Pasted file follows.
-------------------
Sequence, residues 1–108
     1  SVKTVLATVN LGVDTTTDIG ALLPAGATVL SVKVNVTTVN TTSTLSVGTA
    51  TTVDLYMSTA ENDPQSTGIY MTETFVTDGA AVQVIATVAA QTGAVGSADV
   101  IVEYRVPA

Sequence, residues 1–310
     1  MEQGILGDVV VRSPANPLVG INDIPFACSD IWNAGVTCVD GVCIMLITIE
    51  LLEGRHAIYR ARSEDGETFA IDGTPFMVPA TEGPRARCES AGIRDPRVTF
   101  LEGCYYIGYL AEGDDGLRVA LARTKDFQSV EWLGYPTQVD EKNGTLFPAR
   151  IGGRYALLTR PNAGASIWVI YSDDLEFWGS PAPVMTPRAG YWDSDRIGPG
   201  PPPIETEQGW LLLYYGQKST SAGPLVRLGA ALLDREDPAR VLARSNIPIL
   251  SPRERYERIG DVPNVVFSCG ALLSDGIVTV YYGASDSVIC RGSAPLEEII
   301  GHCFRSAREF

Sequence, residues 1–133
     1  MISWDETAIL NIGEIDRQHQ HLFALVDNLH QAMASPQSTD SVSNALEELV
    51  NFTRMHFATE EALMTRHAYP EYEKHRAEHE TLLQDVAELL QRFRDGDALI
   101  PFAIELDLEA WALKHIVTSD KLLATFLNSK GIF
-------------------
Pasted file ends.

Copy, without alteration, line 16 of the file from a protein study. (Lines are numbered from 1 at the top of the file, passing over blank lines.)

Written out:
   101  PFAIELDLEA WALKHIVTSD KLLATFLNSK GIF